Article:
Among the directives outlined in China's new five-year defense plan is the creation of a smart dust surveillance network. This will be comprised of speckle-sized devices that can sense environmental conditions, such as light, temperature and humidity. More importantly, they can gather civilian and military intelligence. Their tiny dimensions mean they are difficult to detect and can squeeze through the narrowest of gaps in doors, windows and walls. They can communicate with each other wirelessly, as well as transmit data to a nearby command center or remote satellite.
Dust, already pervasive and a nuisance to allergy sufferers and the obsessive compulsive, will become even more intrusive, as invasive as sand in your crotch. They'll gather on tables and floors, collect in corners and in your hair, where they'll rest silently listening for aberrant civility. In such a domestic space relinquished to the state, dusting, vacuuming and other quotidian chores turn into political acts of subversion.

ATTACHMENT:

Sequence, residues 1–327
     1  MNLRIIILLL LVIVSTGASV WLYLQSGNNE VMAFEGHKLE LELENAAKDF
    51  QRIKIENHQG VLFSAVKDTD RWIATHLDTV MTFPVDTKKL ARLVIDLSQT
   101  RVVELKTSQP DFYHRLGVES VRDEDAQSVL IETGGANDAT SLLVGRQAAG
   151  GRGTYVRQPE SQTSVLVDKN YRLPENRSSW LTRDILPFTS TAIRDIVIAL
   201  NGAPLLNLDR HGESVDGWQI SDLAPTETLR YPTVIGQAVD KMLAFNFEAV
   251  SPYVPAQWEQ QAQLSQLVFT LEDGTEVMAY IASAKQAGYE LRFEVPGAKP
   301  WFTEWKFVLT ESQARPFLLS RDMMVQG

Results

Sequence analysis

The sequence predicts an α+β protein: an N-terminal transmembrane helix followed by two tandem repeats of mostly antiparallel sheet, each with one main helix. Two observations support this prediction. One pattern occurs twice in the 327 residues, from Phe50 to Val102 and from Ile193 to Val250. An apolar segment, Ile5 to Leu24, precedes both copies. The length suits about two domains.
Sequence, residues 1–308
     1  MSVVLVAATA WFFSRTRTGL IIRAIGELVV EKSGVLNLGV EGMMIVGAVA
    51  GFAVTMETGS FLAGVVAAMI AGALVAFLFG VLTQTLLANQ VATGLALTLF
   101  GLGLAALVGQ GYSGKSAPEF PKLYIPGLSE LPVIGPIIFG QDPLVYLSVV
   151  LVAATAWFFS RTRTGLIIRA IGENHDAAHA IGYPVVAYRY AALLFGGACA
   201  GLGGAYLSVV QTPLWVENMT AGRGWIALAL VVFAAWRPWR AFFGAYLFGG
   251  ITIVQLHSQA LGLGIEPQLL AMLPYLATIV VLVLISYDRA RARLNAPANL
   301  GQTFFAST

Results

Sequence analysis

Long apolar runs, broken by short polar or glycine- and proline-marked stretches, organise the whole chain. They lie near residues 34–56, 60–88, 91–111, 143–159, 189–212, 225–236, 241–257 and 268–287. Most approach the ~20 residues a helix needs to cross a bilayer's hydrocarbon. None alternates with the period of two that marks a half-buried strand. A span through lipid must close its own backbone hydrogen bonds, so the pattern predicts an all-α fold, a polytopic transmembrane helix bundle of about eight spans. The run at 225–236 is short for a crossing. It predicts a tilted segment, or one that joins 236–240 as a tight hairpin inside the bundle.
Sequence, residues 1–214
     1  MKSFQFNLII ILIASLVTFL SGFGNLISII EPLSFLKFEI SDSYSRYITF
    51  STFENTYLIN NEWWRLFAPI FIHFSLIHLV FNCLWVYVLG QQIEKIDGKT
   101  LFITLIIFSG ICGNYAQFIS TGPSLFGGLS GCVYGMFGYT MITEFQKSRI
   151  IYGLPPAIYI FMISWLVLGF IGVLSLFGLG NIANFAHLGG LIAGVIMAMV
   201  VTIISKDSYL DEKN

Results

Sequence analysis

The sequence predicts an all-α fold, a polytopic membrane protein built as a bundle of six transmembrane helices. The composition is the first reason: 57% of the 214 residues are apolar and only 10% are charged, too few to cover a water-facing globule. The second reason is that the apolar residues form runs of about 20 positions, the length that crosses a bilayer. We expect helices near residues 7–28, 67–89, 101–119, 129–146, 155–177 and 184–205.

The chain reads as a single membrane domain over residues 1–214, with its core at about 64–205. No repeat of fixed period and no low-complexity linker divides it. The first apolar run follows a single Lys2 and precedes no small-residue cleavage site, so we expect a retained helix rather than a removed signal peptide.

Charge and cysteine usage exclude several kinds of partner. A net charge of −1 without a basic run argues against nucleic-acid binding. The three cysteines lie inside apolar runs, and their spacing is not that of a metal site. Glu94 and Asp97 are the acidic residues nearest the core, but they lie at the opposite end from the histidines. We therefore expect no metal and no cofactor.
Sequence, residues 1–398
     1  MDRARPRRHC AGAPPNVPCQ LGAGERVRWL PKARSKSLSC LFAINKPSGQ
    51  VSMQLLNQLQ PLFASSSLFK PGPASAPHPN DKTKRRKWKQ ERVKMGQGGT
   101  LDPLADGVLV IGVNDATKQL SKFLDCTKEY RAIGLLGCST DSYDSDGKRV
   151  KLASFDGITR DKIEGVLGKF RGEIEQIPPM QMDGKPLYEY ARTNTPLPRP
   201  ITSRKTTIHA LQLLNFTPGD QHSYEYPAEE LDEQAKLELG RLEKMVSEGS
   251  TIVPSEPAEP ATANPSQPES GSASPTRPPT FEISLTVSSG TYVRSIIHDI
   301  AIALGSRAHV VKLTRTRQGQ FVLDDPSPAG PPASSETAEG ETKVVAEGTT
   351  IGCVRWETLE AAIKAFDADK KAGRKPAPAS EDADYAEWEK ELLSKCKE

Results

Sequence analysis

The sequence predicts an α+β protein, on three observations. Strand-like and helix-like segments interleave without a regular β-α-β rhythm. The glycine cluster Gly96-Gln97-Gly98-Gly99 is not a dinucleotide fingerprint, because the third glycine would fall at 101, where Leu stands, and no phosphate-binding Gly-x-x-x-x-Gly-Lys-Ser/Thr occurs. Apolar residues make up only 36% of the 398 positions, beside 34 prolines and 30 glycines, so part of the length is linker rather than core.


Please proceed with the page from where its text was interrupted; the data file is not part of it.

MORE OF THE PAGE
Meanwhile, for cross-border espionage, artificial weather stations in the Gobi Desert will churn and whirl up massive dust storms. It'll simply be a matter of turning on the spigot. Hit the switch, and the earth will reach out with vaporous tendrils. When these have nicely thickened, a liberal sprinkling of smart dusts will be added to create a heady stew, which in a day or two will paint vermillion skies over Beijing before crossing the seas and choking the cities of the Koreas, Japan and, much further afield, the Pacific coast of the United States.
This is impossible to confirm at the moment.